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Re: Fwd: Re: TLS ALPN Proposal v3

From: Martin Thomson <martin.thomson@gmail.com>
Date: Wed, 22 Jul 2015 00:54:39 -0700
Message-ID: <CABkgnnVBSZWRxwHE=yf+24emKGcoMcZ0Y52Qw7qM9kVpk3VUkQ@mail.gmail.com>
To: Bradford Wetmore <bradford.wetmore@oracle.com>
Cc: HTTP Working Group <ietf-http-wg@w3.org>
This is a common set of conclusions to reach.  You certainly aren't
the first to conclude that this is not great.  If you consider all
pieces in isolation, you do get into a bind.

It's true that you can't completely disable all the bad cipher suites
if you ever hope to communicate with a legacy client.  That makes this
harder.

The right way to address this problem is to prioritize allowed cipher
suites over non-allowed cipher suites on both client and server.  You
have to prioritize on both ends because of variations in the way that
different servers implement cipher selection.

On 21 July 2015 at 17:52, Bradford Wetmore <bradford.wetmore@oracle.com> wrote:
> 1.  Are server sockets expected to support *BOTH* HTTP/2 and HTTP/1.1?

Absolutely.

> 2.  Are you expecting clients/server to try non-blacklisted ciphersuites
> first?  e.g. select H2 for ALPN, prioritize H2-appropriate suites first,
> select a suite and hope for the best?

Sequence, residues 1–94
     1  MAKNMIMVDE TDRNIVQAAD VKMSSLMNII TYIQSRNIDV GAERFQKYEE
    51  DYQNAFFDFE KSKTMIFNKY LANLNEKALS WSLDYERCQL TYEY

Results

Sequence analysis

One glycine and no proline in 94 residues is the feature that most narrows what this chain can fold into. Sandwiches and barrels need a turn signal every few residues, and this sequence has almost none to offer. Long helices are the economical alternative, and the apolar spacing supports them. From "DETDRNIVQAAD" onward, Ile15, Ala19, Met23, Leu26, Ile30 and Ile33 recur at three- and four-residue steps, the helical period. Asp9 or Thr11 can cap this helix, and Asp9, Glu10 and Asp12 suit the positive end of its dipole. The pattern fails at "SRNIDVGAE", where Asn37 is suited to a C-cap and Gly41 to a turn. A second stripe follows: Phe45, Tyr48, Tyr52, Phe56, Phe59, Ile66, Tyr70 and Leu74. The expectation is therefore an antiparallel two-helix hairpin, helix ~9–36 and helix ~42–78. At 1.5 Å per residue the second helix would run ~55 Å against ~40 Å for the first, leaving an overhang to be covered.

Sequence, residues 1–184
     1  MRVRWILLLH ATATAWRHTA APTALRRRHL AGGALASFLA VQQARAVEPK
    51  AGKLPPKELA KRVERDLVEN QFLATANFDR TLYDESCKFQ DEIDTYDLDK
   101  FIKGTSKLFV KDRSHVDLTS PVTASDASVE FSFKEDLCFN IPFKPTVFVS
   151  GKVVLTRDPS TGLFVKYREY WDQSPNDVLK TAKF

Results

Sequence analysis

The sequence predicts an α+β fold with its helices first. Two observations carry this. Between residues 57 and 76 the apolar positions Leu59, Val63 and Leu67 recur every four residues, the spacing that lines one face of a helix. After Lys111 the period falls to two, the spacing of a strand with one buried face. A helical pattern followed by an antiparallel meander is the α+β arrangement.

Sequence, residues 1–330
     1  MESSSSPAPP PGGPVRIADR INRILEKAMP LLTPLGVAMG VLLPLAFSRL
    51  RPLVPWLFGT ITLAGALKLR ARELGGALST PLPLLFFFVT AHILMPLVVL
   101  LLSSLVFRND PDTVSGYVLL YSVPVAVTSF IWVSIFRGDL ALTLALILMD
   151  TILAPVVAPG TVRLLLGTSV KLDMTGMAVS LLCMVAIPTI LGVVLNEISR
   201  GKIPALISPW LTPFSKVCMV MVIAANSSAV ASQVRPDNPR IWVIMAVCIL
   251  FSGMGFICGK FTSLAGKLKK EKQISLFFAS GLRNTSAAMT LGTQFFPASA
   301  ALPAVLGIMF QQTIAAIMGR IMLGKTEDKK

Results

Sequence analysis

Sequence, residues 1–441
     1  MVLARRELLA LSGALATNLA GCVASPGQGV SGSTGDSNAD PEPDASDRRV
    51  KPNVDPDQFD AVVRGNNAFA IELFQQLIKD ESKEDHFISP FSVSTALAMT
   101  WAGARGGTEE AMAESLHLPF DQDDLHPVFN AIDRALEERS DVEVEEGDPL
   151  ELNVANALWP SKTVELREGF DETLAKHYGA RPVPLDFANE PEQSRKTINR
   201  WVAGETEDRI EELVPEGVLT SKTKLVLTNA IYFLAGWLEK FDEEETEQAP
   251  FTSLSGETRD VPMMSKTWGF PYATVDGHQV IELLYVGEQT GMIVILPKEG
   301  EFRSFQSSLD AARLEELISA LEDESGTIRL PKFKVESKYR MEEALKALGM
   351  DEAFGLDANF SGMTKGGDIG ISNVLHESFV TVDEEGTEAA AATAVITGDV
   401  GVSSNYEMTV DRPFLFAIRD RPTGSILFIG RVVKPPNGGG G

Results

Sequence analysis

Are you talking about fallback logic?  That is, one connection attempt
without the blacklisted suites for h2 and then maybe a second with all
the suites you support and NOT h2.

That shouldn't be necessary if you are prioritizing correctly.  There
are alternatives (more below).

> 3.  If a ALPN of H2 is received along with a blacklisted suite, are clients
> expected to provide their own fallback by opening a second connection with
> H2 not in the ALPN list?

I believe that Firefox will not do this.  It's a hard failure.

--

Speaking as an NSS developer, there is an established pattern there
that should work for this.

When processing the named_curve (soon named_group) extension for
elliptic curves, NSS will disable EC cipher suites if it does not find
a commonly supported curve.  This avoids the situation where you
select an EC cipher suite that you cannot use.

At the server, you could disable cipher suites that did not meet the
requirements based on the ALPN selection.  This is relatively
straightforward in NSS, though you have to provide a custom ALPN
callback, rather than relying on the NSS-provided callback.

That isn't of much use to a client, who is largely at the mercy of
servers (a curse that clients cannot avoid, I'm afraid).
Received on Wednesday, 22 July 2015 07:55:15 UTC

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